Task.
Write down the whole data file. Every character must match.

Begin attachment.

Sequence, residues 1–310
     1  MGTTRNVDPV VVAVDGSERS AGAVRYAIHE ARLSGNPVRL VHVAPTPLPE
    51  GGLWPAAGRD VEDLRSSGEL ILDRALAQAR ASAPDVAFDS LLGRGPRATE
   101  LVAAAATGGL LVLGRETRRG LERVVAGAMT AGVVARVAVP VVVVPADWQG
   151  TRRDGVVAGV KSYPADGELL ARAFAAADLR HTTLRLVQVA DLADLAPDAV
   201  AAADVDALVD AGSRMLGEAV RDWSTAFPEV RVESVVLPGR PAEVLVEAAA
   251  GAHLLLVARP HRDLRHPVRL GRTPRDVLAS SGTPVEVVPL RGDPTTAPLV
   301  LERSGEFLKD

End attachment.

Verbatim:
Sequence, residues 1–310
     1  MGTTRNVDPV VVAVDGSERS AGAVRYAIHE ARLSGNPVRL VHVAPTPLPE
    51  GGLWPAAGRD VEDLRSSGEL ILDRALAQAR ASAPDVAFDS LLGRGPRATE
   101  LVAAAATGGL LVLGRETRRG LERVVAGAMT AGVVARVAVP VVVVPADWQG
   151  TRRDGVVAGV KSYPADGELL ARAFAAADLR HTTLRLVQVA DLADLAPDAV
   201  AAADVDALVD AGSRMLGEAV RDWSTAFPEV RVESVVLPGR PAEVLVEAAA
   251  GAHLLLVARP HRDLRHPVRL GRTPRDVLAS SGTPVEVVPL RGDPTTAPLV
   301  LERSGEFLKD